Opportunities to Reduce Fragmentation, Overlap, and Potential Duplication in Federal Teacher Quality and Employment and Training Programs
GAO-11-509T: Published: Apr 6, 2011. Publicly Released: Apr 6, 2011.
This testimony discusses GAO's recent report entitled "Opportunities to Reduce Potential Duplication in Government Programs, Save Tax Dollars, and Enhance Revenue." This report delineates dozens of areas across government where fragmentation, overlap, and potential duplication merit the attention of Congress and the Administration spanning a range of government missions: agriculture, defense, economic development, energy, general government, health, homeland security, international affairs, and social services. The report also describes other opportunities for federal departments, agencies or Congress to consider taking action on that could either reduce the cost of government operations or enhance revenue collections for the Treasury. Taking actions on these opportunities and reducing or eliminating duplication, overlap, or fragmentation could save billions of tax dollars annually and help agencies provide more efficient and effective services. With regard to issues of specific interest to this Committee, GAO found fragmentation, overlap, and potential duplication in the areas of federal programs to improve teacher quality and employment and training. Each of these areas is characterized by a large number of programs with similar goals, beneficiaries, and allowable activities that are administered by multiple federal agencies. Fragmentation of programs exists when programs serve the same broad area of national need but are administered across different federal agencies or offices. Program overlap exists when multiple agencies or programs have similar goals, engage in similar activities or strategies to achieve them, or target similar beneficiaries. Overlap and fragmentation among government programs or activities can be harbingers of unnecessary duplication. Given the challenges associated with fragmentation, overlap, and potential duplication, careful, thoughtful actions will be needed to address these issues. This testimony draws upon the results of our recently issued report and will address what is known about fragmentation, overlap, and potential duplication among federal teacher quality and employment and training programs. It also addresses options for Congress to help minimize fragmentation, overlap, and potential duplication and how it can use recent legislative tools to improve the effectiveness and efficiency of federal programs.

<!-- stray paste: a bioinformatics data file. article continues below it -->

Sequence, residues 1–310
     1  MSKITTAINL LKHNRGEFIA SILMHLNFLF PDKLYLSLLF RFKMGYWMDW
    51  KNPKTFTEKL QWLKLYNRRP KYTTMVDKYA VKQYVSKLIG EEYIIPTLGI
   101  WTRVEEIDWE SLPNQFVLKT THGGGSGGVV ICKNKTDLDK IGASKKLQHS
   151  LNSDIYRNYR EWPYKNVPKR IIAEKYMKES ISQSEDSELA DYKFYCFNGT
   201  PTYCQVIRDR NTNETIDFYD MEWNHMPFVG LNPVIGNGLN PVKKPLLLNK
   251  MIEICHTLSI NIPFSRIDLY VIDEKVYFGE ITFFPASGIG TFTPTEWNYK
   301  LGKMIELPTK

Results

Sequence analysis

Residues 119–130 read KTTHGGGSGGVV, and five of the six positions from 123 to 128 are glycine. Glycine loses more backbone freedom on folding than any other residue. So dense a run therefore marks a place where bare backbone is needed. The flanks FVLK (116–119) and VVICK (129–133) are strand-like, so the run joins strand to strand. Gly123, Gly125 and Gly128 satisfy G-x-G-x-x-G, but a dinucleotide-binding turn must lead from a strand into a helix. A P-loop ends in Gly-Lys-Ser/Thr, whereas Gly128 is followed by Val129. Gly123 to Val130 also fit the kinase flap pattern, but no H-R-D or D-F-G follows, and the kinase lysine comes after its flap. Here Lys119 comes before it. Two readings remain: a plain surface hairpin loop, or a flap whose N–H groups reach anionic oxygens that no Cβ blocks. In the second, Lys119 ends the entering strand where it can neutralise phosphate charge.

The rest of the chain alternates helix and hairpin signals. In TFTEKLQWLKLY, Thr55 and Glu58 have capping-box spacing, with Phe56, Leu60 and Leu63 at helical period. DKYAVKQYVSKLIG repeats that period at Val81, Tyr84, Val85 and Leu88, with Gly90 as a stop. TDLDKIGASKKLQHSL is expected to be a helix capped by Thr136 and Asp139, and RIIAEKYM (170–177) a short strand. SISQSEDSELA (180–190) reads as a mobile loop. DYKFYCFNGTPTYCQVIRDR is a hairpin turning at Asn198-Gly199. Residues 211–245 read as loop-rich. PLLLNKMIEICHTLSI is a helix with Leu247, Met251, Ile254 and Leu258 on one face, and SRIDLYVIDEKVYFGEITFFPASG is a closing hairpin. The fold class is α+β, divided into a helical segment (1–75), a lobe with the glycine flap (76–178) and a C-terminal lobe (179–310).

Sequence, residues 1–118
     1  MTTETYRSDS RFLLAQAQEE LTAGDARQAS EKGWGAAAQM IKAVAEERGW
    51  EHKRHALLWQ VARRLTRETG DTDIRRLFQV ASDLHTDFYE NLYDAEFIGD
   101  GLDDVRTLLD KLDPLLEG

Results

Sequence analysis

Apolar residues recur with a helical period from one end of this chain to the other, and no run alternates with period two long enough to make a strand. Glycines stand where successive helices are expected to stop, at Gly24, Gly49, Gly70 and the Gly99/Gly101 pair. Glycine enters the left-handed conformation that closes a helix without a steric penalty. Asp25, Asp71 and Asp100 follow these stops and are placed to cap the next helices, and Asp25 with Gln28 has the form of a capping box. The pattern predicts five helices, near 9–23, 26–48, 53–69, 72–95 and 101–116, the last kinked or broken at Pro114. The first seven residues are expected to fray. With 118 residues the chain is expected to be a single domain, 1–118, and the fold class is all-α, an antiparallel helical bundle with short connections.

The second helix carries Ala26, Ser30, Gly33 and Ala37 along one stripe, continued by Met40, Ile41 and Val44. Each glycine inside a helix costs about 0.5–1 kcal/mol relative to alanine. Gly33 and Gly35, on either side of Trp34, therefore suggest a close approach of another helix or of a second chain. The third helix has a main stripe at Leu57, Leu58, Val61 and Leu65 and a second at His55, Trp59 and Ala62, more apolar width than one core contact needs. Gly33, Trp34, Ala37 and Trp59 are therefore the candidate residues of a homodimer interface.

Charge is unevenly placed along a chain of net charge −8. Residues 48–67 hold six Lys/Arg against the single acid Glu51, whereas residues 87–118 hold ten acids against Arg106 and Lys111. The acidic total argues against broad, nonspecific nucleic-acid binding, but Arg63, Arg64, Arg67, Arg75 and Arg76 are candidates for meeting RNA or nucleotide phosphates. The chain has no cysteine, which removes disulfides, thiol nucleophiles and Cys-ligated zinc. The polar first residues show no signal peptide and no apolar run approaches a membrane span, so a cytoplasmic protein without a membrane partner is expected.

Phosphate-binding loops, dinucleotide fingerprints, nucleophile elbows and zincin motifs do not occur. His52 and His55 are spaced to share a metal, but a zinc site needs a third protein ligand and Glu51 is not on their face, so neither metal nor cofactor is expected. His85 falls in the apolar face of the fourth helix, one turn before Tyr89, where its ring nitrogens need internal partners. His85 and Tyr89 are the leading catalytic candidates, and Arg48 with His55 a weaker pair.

1) We identified 82 distinct programs designed to help improve teacher quality administered across 10 federal agencies, many of which share similar goals. However, there is no governmentwide strategy to minimize fragmentation, overlap, or potential duplication among these many programs. The fragmentation and overlap of teacher quality programs can frustrate agency efforts to administer programs in a comprehensive manner, limit the ability to determine which programs are most cost effective, and ultimately increase program costs. Congress could address these issues through legislation, particularly through the pending reauthorization of the Elementary and Secondary Education Act of 1965, and the Department of Education (Education) has already proposed combining 38 programs into 11 programs in its reauthorization proposal. (2) We found that 44 of the 47 employment and training programs we identified overlap with at least one other program in that they provide at least one similar service to a similar population. To facilitate further progress by states and localities in increasing administrative efficiencies, we recommended that the Secretaries of Labor and Health and Human Services (HHS) work together to develop and disseminate information that could inform such efforts. As part of its proposed changes to the Workforce Investment Act, the Administration proposes consolidating nine programs into three. In addition, the budget proposal would transfer the Senior Community Service Employment Program from Labor to HHS. (3) Sustained congressional oversight is pivotal in addressing these issues. Specifically, this Committee can look for opportunities to enhance program evaluations and performance information, foster coordination and strategic planning for program areas that span multiple federal agencies, and consolidate existing programs or coordinate service delivery.